They’re back

 
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Blandford Fletcher, England 1858-1936 / Evicted 1887 / Oil on canvas / Purchased 1896 / Collection: Queensland Art Gallery

As exhibitions, collection priorities, directors, and curators  are constantly changing, in an art gallery it is difficult sometimes to decide what should remain on more-or-less ‘permanent’ display. One of the Gallery’s most popular works with visitors is the 1887 painting by Blandford Fletcher, Evicted. Last September it was taken off display to accommodate a rehang of the International and Asian collections. None of the Gallery’s Victorian paintings were included in that reconfiguration because of the specific focus and historical context  framing the European and Asian works. It was only a matter of weeks before comments started to appear and gallery staff were regularly questioned as to the painting’s whereabouts. We were able to assuage this sense of loss by pointing to the exhibition planned for March this year, The Founding Years 1895-1915: A Collection for Queensland. But that exhibition finished in June this year and Evicted along with other Victorian narrative paintings were returned to storage. By the time another rotation of works was scheduled for this year we had received more requests and enquiries about the painting.

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Well …our favourite mother and daughter and their nosey neighbours have returned! The curatorial challenge was to provide some kind of context for its inclusion in the collection hang. As so often happens, the solution to the problem was found in the work itself. With some lateral thinking, knowledge of what languishes in storage and of course, an urgent deadline – we have brought a favourite back to the fold.

Paintings such as Evicted fell out of favour in the early years of the twentieth century. With the passing of Queen Victoria in 1901 and the emerging prosperity and relative peace of the Edwardian era, images of childhood, poverty, old age and religious piety suddenly seemed out of step and were seen as sentimental and overly-laden with emotion. We should remember however that the Victorian era was an age of storytelling in both words and pictures. Children’s books, the novel and the illustrated periodicals of the time were basically what films, television and magazines are to the current age. Artists and writers appealed directly and emotively to their audiences through novels, serialised periodical stories, plays, paintings and illustrations. Novels and paintings provided models of behaviour – both good and bad. Moralistic intent was often at the heart of artistic endeavour. Charles Dickens is widely acknowledged as a master of the realist novel form – perfectly suited to portraying the new industrialised, teeming urban masses where inequality, disease, class antagonism and all manner of moral evil provided unprecedented narrative drama for the writer.

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It is within the period of nineteenth-century industrialisation that Evicted has been contextualised in its new configuration in Gallery 7. The plight of the woman and her daughter in the painting is not explicitly connected to the industrial age but the narrative potential of the work is open-ended enough for a viewer to interpret, surmise and guess at the reasons for the eviction of this small family. An unprecedented increase in population in Britain during Queen Victoria’s reign was concurrent with industrialisation and urbanisation. Overcrowding of towns and cities resulted in critical shortages of housing for anyone unfortunate enough to be unemployed or disenfranchised of a family life.  For a woman to be  widowed or worse, unmarried with a child, was at the time tantamount to a life of destitution.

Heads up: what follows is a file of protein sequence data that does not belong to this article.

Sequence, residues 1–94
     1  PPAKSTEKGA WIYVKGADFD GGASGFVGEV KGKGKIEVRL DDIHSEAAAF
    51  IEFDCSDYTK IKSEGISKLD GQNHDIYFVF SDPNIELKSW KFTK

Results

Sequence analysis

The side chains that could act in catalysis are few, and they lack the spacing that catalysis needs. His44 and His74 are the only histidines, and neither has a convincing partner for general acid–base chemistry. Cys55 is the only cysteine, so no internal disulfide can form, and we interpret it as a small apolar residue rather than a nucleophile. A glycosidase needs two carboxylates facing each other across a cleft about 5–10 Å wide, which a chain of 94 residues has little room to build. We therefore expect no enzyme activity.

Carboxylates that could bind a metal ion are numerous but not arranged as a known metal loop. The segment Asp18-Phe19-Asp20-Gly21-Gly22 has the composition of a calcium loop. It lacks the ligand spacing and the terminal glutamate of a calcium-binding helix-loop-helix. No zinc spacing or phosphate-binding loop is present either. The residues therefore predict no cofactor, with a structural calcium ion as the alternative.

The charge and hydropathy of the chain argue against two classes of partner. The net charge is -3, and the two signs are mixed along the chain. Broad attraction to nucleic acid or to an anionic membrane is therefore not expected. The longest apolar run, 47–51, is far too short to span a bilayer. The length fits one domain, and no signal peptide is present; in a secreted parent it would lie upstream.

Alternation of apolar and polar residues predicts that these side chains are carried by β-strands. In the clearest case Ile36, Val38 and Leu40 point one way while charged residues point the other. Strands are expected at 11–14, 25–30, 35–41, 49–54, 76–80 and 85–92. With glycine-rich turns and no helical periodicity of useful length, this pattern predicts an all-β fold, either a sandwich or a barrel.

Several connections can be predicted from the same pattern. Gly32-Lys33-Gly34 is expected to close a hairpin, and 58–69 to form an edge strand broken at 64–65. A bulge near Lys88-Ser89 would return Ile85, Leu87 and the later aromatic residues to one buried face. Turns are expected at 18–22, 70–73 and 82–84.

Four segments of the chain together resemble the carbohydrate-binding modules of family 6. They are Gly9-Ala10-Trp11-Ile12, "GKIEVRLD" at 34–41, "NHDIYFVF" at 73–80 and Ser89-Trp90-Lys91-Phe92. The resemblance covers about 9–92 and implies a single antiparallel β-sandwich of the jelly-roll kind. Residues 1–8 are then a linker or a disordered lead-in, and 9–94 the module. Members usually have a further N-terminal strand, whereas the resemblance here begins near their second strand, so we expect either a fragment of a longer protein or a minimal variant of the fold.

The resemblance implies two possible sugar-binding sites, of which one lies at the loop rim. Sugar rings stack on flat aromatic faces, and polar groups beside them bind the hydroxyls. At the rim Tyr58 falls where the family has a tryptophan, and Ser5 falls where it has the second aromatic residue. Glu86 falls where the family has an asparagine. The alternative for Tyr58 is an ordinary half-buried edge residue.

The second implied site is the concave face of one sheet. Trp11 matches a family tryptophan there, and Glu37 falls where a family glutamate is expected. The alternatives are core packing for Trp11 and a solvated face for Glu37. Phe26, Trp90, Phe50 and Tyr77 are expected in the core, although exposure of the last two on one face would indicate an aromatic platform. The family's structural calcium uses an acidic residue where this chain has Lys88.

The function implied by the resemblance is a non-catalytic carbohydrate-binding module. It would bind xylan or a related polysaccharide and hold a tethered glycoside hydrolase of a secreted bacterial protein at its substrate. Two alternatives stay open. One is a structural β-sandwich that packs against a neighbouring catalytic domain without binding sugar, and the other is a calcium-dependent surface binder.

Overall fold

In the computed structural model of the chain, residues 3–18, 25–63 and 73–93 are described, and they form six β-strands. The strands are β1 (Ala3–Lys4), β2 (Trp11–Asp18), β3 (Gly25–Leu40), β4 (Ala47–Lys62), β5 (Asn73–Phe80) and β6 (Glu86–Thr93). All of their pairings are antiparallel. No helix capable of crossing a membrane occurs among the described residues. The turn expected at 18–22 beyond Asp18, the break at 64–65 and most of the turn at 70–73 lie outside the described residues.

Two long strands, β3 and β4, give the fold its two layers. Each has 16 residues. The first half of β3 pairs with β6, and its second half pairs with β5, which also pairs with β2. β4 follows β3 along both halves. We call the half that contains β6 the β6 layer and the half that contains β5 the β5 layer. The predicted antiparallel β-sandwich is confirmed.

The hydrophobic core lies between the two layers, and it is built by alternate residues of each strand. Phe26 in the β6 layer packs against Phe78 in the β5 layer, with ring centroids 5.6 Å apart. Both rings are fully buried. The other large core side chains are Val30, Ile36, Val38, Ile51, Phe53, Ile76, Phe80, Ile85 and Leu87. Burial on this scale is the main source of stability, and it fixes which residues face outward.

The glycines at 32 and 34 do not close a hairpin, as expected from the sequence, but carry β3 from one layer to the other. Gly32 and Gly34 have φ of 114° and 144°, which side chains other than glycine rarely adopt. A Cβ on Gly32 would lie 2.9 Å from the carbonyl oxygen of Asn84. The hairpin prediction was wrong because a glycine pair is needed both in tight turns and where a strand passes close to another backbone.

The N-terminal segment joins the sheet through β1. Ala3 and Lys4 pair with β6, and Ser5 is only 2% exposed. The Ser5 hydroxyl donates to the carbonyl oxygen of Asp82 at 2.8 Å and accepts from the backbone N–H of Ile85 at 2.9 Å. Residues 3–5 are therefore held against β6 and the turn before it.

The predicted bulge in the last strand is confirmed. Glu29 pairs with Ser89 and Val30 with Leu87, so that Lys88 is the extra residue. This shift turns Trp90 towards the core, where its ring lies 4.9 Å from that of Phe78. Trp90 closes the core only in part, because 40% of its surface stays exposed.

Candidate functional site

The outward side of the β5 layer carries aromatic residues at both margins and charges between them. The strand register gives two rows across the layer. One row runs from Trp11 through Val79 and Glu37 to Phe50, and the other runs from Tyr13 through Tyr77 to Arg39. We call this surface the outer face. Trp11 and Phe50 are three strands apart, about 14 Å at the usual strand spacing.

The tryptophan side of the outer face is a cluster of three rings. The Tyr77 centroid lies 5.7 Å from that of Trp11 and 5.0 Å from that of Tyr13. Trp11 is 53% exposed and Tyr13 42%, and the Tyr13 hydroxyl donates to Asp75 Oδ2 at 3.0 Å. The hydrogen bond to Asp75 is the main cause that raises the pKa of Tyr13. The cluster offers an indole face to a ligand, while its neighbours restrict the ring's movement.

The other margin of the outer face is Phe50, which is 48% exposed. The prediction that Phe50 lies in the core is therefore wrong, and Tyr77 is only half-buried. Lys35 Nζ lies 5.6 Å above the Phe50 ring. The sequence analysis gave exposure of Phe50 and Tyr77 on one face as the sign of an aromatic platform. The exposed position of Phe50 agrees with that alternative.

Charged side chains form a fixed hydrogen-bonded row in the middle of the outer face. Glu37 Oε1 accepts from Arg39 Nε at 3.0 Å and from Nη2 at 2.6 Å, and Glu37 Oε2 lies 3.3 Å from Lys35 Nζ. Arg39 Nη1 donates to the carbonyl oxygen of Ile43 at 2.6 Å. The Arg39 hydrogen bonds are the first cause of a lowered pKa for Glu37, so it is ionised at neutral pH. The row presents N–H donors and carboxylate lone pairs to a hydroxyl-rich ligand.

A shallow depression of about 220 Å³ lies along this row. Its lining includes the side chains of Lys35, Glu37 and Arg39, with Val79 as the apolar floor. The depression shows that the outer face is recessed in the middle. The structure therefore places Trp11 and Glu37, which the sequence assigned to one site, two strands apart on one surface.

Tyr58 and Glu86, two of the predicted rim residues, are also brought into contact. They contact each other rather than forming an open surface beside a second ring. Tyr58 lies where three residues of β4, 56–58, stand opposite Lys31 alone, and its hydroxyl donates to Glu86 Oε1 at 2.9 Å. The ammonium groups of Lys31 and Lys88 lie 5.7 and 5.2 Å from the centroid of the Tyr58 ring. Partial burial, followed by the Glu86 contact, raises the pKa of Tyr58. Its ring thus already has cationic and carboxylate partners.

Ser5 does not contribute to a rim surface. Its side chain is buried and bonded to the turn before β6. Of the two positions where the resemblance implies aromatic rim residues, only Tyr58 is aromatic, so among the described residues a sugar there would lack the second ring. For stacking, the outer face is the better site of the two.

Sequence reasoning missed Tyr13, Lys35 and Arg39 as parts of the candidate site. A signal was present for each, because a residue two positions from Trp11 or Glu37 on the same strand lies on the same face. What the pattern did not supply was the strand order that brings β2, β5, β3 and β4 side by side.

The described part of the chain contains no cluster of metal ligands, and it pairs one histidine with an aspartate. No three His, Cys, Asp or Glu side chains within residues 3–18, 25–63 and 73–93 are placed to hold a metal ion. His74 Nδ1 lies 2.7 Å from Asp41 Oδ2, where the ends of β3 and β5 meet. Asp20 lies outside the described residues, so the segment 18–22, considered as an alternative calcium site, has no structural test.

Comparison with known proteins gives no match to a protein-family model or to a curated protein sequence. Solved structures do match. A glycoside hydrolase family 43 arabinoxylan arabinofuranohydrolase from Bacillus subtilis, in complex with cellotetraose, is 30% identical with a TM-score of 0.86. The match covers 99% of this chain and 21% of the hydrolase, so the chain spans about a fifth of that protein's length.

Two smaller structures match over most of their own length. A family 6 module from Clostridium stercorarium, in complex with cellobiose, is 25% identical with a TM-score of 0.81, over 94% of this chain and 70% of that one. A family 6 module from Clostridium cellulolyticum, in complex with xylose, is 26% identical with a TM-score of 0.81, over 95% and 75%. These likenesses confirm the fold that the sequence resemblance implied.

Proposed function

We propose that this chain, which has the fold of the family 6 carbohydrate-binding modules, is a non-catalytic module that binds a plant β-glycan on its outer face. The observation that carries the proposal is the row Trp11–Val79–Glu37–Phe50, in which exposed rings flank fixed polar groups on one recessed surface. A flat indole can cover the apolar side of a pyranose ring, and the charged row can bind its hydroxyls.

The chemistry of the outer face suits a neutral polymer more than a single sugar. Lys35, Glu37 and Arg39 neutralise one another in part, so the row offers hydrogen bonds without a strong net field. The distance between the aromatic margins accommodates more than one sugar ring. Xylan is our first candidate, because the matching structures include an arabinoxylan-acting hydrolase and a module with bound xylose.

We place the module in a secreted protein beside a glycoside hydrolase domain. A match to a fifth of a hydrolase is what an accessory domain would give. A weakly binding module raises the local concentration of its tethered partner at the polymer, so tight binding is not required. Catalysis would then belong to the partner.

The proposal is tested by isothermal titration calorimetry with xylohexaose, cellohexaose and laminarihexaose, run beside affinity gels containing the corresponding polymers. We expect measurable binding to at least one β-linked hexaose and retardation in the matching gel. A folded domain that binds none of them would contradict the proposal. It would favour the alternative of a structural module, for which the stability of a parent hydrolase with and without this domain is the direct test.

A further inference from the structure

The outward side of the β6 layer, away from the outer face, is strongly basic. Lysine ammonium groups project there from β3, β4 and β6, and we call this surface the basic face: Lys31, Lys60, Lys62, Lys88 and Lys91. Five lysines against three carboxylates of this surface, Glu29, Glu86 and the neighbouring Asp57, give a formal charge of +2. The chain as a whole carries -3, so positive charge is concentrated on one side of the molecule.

By the time Fletcher painted this work, very few children were still working in factories or coal mines as they had in the early nineteenth-century although many women still laboured as domestic servants in upper middle-class homes. A series of reforms and acts from the 1870s and 80s had gradually improved the conditions for women to divorce, gain work and obtain custody of children. By the end of the nineteenth century it was increasingly recognised that children needed the protection of a safe family environment. A flourishing industry in children’s publications, toys and reforms in the schooling of children reflected this changing perception of childhood in society.

Sentimentality in Victorian genre painting came to be maligned by critics by the end of the nineteenth century and indeed many artists traded on clichés and trite appeal to the viewer’s emotions. However, many Victorian subjects presented contemporary issues that ran parallel with people’s lives – narratives that were recognisable and invited viewers to participate in them – a phenomenon that is now catered to through television soap-operas. Paintings such as Fletcher’s Evicted provided Victorian viewers with a reflection of their world and immediate past. That they still appeal to contemporary audiences is testimony to their enduring attraction as pictorial expressions of human emotions.

So, we hope you will enjoy reacquainting yourself with this gallery favourite.

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